Other Voices: Veterans still serve in local honor guard | TheUnion.com

Other Voices: Veterans still serve in local honor guard

In the 1930’s the American Legion, Post 130, of Grass Valley, formed an honor guard to provide military honors at funerals and/or graveside services for veterans who had honorably served in the armed forces of the United States. Some of the veterans organizations would only provide honors for those of their own branch of the armed services. It became difficult, at times, to assemble an honors team to serve at military burials and memorials due to the lack of available veterans of the deceased’s branch of the armed forces.

Under the auspices of the American Legion, Post 130, veterans of all branches of the military services joined together to form the All Veterans Honor Guard. The unit was certified as an authorized provider by the Department of Defense after a thorough evaluation in 2000.

The All Veterans Honor Guard has provided hundreds of honors ceremonies since that time and has had as its only source of meeting its expenses the voluntary contributions of the families of the deceased, community organizations and its own members.

In 2009, 46 military honors were performed in addition to instructional ceremonies for Boy Scouts, Cub Scouts and 4-H. Additionally, the All Veterans Honor Guard has participated with Daughters of the American Revolution (Wreath Laying), Elks Lodge (Flag Retirement), Opening and Closing ceremonies for Veterans’ Stand-Down, and Memorial Day, Veterans Day, and Fourth of July ceremonies.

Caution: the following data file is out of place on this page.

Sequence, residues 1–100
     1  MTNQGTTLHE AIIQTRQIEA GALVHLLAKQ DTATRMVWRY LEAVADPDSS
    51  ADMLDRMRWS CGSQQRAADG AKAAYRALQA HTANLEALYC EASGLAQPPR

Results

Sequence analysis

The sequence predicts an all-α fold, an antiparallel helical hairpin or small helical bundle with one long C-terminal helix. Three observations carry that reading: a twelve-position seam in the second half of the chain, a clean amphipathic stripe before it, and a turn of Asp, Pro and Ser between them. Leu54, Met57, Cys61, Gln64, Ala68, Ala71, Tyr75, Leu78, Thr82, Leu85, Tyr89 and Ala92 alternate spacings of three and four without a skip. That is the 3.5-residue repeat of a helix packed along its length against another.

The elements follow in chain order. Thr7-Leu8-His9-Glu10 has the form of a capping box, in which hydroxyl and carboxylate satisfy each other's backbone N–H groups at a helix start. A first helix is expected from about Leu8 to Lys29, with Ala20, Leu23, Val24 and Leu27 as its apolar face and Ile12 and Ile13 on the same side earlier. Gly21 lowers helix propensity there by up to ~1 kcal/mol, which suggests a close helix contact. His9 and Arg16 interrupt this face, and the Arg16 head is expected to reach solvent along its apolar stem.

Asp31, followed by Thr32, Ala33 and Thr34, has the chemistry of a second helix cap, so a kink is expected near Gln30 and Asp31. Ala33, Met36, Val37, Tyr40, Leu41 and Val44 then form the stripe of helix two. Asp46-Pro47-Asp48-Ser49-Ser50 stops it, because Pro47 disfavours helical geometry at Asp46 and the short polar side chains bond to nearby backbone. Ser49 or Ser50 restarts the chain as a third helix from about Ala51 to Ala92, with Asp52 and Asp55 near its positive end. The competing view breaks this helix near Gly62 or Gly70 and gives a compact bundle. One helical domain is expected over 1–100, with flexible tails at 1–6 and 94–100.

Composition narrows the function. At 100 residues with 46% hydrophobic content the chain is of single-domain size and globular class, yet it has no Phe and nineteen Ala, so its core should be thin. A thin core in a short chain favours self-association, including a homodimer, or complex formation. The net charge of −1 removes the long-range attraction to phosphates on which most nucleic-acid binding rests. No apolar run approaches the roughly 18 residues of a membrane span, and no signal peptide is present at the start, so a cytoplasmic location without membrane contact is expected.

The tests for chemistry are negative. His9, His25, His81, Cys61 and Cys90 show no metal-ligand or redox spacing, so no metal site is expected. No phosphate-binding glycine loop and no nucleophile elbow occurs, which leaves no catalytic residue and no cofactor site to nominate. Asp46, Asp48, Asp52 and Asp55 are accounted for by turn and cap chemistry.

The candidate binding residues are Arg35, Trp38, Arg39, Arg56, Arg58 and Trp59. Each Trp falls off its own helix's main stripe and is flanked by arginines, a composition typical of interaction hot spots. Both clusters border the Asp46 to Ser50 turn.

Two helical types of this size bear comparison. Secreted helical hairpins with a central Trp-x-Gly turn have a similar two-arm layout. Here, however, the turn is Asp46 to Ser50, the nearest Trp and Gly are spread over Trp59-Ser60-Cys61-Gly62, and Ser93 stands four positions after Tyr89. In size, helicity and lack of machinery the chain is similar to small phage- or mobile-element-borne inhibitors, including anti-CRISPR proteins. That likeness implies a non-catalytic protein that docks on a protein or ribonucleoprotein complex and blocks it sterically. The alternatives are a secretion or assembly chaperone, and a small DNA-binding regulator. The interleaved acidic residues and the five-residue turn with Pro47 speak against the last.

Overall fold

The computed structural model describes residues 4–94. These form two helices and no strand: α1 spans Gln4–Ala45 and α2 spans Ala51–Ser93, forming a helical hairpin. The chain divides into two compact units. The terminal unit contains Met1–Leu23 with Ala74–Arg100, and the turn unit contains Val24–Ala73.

The uniformed Honor Guard is typically comprised of the Firing Team Commander, Firing Party (usually seven riflemen), one or two Flag Bearers and a Bugler who plays Taps after the firing of three volleys by the Firing Party. A “21-Gun Salute” is reserved for the President of the United States, foreign heads of state, etc. Depending upon the deceased’s branch of service, uniformed representatives of that branch may fold the Flag of the United States and present it to the designated next of kin. At the conclusion of military honors, members of the All Veterans Honor Guard, individually, pay their respects to the deceased’s family. As a memento, three spent shell casings from the three volleys are presented to the family.

Serving without compensation, there are currently 26 active members of the All Veterans Honor Guard representing both sexes and all branches of the armed forces. Members’ ranks range from the lowest enlisted grades through Marine Corps Master Sergeant, Coast Guard Commander, and Air force Colonel. One served in World War II, Korea and Vietnam (all three!). However, all serve as equals. Members are motivated by their love of Country and their appreciation of the service of those who have passed-on and their desire to formally recognize the deceased veteran’s contribution to our Nation.

For further information, contact All Veterans Honor Guard coordinator Wes Hayes at (530) 477-6900.

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